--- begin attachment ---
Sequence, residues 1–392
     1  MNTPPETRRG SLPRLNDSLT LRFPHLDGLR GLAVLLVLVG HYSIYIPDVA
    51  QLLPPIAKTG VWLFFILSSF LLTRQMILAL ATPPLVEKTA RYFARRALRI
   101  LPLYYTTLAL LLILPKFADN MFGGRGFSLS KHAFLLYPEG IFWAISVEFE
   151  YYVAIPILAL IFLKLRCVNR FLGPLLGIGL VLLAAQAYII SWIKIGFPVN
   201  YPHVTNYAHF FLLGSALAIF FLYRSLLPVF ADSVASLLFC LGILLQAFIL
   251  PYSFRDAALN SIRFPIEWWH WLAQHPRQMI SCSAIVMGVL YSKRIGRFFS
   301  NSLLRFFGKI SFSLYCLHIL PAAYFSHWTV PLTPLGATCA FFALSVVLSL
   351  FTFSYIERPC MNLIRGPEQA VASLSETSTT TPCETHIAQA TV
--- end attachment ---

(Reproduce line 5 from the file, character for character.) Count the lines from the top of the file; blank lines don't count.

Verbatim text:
   151  YYVAIPILAL IFLKLRCVNR FLGPLLGIGL VLLAAQAYII SWIKIGFPVN